From the Ashes

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Oliver Stone’s “World Trade Center” is the second in what will undoubtedly be a long line of box-office films about the terrorist attacks of Sept. 11, 2001. The first of those films, “United ·93,” was an ensemble piece, with no single standout character, no back stories, no celebrity actors, and several real:’life air controllers reenacting the events they experienced that day. The result was a taut, real-time documentary, portraying the terror of the passengers but ending just before the plane crashed.

By contrast, “World Trade Center” is a more intimate look at the event, following the story of two Port Authority police officers, John McLough- lin (Nicholas Cage) and Will Jimeno (Michael Pena), who were trapped in the elevator shaft of the shopping concourse between the two towers when the first tower collapsed. Watching the despair of the doomed passengers on “United 93” was horrifying, but watch- ing these policemen become buried in the rubble of the collapsing towers was almost unbearable. I’ve walked out of films in the past that were simply too vulgar or too dumb to endure,.but I have never before felt the panic I did in this theater, wanting to get out of my seat and away from the emotions I was experiencing. There may indeed be some fates worse than death, and being buried alive is one of them.

One reason for my visceral reaction is that the memories of that day are still fresh. Our family had just arrived in New York five days earlier. All day long we heard fire engines racing down Broadway, right outside the house, and all night we heard the military jets and helicopters overhead. We could see the smoke billowing from the towers when we walked down to the Hudson River. It was a day of confusion and crisis that no one will forget.

Some critics and reviewers have billed “World Trade Center” as a “feel good” movie with a happy ending, simply because it ends in a rescue. But the ending is far from happy. It comes as a relief, yes, and with an overwhelming respect for the men and women who risked their lives to search for survivors. Thousands of people were evacuated that day, and 20 were rescued from the rubble. But 2,749 people died in the attack, and hundreds more suffered terrible injuries. Stone never loses sight of that grim fact, even while demonstrating the joy of two families.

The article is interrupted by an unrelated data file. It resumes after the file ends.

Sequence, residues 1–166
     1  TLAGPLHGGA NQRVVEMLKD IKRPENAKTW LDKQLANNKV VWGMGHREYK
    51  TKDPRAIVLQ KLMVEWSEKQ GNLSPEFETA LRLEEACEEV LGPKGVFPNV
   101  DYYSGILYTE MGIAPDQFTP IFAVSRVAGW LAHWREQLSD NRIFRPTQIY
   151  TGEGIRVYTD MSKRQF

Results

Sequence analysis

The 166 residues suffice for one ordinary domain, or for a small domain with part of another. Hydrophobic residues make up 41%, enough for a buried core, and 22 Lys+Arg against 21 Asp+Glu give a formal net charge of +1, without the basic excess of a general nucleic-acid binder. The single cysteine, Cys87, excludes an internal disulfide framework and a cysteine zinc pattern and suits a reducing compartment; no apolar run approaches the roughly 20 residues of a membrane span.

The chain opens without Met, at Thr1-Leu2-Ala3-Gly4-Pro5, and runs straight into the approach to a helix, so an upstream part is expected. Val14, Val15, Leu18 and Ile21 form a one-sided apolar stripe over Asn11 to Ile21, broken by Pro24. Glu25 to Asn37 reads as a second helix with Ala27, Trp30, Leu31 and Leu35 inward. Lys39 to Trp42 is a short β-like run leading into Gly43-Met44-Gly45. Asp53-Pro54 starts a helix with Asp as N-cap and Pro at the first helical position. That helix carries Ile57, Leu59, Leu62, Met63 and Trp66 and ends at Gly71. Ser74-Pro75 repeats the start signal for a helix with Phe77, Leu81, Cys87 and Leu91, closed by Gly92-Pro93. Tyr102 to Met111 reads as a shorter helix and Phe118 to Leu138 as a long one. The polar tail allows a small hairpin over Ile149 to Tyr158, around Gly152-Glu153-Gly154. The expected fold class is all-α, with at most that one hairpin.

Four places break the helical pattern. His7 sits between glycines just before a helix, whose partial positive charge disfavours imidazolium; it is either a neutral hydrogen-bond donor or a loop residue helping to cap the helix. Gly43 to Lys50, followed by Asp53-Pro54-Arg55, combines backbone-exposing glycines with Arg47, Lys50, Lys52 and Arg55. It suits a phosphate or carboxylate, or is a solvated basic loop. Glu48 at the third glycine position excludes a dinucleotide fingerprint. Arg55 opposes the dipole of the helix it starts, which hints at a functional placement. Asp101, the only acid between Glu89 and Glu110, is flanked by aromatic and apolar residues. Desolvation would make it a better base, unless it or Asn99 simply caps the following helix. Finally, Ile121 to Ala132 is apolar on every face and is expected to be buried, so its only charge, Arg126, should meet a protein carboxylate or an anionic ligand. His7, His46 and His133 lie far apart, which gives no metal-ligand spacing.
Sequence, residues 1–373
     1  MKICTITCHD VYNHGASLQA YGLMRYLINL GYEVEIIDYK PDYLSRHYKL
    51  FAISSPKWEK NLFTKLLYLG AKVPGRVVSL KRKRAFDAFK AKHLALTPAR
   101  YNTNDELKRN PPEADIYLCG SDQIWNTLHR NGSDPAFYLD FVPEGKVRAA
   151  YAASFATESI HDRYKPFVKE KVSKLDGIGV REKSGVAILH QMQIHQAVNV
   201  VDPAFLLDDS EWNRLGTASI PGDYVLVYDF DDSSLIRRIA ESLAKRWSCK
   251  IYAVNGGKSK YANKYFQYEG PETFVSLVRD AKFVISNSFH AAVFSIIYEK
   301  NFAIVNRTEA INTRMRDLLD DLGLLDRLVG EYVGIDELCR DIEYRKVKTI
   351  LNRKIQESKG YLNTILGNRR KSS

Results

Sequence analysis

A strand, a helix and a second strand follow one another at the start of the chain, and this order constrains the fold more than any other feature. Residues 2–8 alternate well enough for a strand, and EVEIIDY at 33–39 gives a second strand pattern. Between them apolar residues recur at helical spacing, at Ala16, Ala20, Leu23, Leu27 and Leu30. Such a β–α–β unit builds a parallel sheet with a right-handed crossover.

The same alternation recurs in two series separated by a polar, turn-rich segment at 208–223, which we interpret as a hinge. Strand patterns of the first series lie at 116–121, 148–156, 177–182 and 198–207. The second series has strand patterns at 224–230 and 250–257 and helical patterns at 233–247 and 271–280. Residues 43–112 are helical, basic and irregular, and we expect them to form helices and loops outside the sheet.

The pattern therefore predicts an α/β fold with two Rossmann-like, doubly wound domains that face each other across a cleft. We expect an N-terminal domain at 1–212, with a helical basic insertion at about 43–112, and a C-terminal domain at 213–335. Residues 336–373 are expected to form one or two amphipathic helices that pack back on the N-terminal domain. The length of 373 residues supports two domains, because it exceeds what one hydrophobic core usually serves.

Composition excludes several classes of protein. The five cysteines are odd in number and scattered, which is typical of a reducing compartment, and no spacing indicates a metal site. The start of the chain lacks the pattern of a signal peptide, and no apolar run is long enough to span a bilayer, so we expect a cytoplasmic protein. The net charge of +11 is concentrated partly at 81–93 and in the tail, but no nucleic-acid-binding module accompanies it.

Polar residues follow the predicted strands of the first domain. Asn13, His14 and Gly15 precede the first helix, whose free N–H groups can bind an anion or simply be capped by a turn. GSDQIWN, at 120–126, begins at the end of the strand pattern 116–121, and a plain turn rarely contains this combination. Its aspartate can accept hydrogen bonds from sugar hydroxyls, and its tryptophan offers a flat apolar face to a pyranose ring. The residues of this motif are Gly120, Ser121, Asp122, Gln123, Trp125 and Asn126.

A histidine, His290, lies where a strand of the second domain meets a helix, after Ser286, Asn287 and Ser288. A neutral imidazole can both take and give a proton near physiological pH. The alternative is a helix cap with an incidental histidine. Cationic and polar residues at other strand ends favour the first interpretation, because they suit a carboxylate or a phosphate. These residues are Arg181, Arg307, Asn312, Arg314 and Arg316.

A friend of mine, a doctor, rushed to St. Vincent’s Hospital that da)’, just a few blocks from the towers, anticipating a long grueling week of treating survivors. The more gruesome reality is that he had very little to do. In a scene reminiscent of the song “Empty Chairs and Empty Tables” in “Les Miserables,” Stone films an empty commuter train at the end of the movie to emphasize the enormity of the losses.

Stone virtually ignores the official organized rescue efforts in order to focus on the two trapped men and their families’ vigils. He highlights two unofficial rescuers, one a former Marine and the other a former paramedic. Both seem to have slid off track in their lives, but participating in the rescue helped them regain their focus and self-respect. If there is a happy ending at all, it is in the connectedness, compassion, and good will that erupted in the aftermath of the attack. As John McLoughlin explains, “We are people taking care of each other because it’s the right thing to do.”

Castigated in the past for playing loose with the facts and for his heavy-handed politics in such films as “JFK” and “Nixon,” Stone leaves politics out of this one. He tells his story the way. it happened, using as his consultants the people to whom it happened. Even when demonstrating the confusion and conflicting reports that plagued the initial rescue efforts, he casts no

I have never before felt the panic I did in this theater, wanting to get out of my seat and away from the emotions I was experiencing.

blame. Some may consider his silence itself to be political, but I consider it respectful. The result is a tight, emotional, engrossing film that feels accurate, regardless of how you may feel about who or what caused the attack and how it should have been handled afterward. Painful to see, it is nevertheless worth seeing.

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